T buses cost twice as much to maintain as Chicago’s, data show

Printed from: http://newbostonpost.com/2015/11/02/t-buses-cost-twice-as-much-to-maintain-as-chicagos-data-show/

BOSTON – The Massachusetts Bay Transportation Authority’s bus maintenance costs run about twice as high as the Chicago Transit Authority and the T’s per-vehicle-hour maintenance spending is almost twice as high as the average for the state’s regional transit authorities, according to data presented Monday.

The T spends almost $41 per vehicle hour on bus maintenance compared with about $20 in Chicago and $24 on average at the state’s regional transit authorities, according to T data. Compared with similarly large urban systems, the T’s bus-repair costs are the highest per vehicle hour in the country, and behind only New York City as measured by vehicle miles.

“It’s a pretty stark picture,” Brian Shortsleeve, the T’s chief administrator, told reporters Monday ahead of a Fiscal and Management Control Board meeting where he briefed the members on the data.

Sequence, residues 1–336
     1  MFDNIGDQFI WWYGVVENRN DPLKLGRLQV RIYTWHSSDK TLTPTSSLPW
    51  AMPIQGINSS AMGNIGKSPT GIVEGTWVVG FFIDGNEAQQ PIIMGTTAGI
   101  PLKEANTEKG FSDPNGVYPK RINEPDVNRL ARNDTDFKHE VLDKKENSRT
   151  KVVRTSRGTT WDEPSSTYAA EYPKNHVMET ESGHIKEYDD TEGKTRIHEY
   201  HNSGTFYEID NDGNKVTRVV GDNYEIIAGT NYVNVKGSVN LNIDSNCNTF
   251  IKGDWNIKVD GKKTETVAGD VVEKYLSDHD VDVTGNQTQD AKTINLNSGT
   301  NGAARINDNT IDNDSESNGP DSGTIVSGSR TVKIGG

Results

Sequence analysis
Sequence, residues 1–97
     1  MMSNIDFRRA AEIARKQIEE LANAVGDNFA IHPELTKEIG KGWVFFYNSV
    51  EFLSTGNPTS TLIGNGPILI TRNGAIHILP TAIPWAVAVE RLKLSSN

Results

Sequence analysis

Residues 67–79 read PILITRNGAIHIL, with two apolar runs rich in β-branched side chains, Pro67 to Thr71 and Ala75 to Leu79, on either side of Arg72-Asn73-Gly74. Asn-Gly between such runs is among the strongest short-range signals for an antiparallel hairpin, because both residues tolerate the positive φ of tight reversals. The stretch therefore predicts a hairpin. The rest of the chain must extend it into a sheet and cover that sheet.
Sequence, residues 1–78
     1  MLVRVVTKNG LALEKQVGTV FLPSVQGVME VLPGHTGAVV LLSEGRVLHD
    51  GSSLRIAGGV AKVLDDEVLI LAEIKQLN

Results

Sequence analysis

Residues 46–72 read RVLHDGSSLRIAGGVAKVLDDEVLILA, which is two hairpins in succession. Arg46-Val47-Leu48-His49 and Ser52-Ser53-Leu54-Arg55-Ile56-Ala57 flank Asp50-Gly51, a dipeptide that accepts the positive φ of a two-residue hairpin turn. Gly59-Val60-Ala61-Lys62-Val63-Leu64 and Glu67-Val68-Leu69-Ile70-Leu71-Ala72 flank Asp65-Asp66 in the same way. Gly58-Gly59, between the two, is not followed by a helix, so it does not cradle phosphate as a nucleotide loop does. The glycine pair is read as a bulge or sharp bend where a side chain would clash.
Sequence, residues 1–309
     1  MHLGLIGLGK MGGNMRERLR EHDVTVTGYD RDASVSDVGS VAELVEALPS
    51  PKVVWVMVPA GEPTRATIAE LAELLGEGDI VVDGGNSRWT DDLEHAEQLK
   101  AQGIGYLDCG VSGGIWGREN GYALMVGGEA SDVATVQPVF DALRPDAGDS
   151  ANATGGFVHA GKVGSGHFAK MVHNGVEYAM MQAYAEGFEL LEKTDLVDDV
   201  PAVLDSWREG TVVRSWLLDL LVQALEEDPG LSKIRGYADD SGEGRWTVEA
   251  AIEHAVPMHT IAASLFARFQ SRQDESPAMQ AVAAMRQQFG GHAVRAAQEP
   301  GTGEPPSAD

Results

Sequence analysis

As the T seeks to balance its budget,it plans to hire a consultant to provide a more extensive look at the bus maintenance costs. “Everything’s on the table,” Shortsleeve said.

MBTA officials have been in discussion with the International Association of Machinists and Aerospace Workers Local 264, which represents bus mechanics, and both sides reflected positive views about the collaboration.

“They’ve definitely been receptive,” said Russell Gittlen, the union’s New England director and a member of the MassDOT board of directors. “We look at things a little differently.”

Shortsleeve said staffing levels, productivity and wages should be looked at, and said the larger bus yards conduct repairs more efficiently than the smaller yards – such as the north Cambridge facility where 13 fulltime mechanics specifically handle electrically powered buses that use catenary lines.